And so you could go through these things all day long, but sometimes your body. One of the things we're working on right now is my internal hip rotation. Right. So four years practicing yoga, flexible as all get out how hard folding. Right. And that's blocked. That's not going to change for sure.
Right. And so sometimes you need that additional support. And also that also, plus the strength train, you do a lot of where people really get hurt, especially in a strong, in other kind of like power yoga is doing. Okay. Yeah. So like push up with your elbows by your side, if you will, right. Always get hurt.
They get hurt because they're most people's shoulders kind of come forward and you're just pounding away at your what's your bicep tendon there. Yep. Right there. Yep. Right. And so are you, you don't have the strength. You'll have to help me here. What's this called? And you're like, right. You're right.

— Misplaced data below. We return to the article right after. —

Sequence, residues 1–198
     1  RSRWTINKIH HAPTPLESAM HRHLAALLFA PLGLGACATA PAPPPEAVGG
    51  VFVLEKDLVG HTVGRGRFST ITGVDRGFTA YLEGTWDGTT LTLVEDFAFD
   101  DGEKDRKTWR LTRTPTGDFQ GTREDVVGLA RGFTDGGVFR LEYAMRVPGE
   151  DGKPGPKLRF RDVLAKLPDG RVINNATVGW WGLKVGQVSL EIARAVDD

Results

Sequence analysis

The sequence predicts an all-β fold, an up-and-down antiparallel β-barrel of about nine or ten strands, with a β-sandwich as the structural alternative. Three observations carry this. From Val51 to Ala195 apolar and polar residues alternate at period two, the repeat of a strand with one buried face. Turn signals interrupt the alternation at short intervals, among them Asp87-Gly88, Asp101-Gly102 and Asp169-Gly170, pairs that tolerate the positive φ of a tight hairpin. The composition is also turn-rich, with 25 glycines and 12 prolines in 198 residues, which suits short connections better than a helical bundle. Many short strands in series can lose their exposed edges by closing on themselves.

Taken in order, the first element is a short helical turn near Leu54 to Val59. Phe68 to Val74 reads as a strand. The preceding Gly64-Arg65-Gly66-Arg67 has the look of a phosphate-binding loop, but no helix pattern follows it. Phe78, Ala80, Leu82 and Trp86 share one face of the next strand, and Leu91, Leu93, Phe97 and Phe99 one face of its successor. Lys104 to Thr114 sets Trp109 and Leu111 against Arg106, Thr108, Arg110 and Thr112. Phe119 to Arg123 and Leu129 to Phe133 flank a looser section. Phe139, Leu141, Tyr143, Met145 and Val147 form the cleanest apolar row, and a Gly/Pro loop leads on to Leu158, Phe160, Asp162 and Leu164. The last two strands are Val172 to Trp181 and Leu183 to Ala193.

Most people don't. And so you need to do strength training. Right to keep yourself from getting hurt and something that's supposed to be super helpful, like yoga. Right? And so there's a lot of, there's a lot of overlap there. Like I think people think yoga fixes everything. That's not true, right?
It is, it is a practice, a method that's can be super helpful, but you also have to take care of your body and protect it's education. Right. And so learning how your body should move, learning, where you might have to efficiency and strength to go support whatever practice you need. I think it's kind of a cancer, like weight training to play football, better basketball, better football, better.
Yeah. So short answers. You're not swinging some kettlebells. I do I do some exercises that kind of help open me up and yeah. And I think it's very complimentary. Yeah. Oh, for sure. You know, I think you know, it's really interesting and I get it to a point like, W with youth athletes, you it's, oh, it's almost redundant at this point.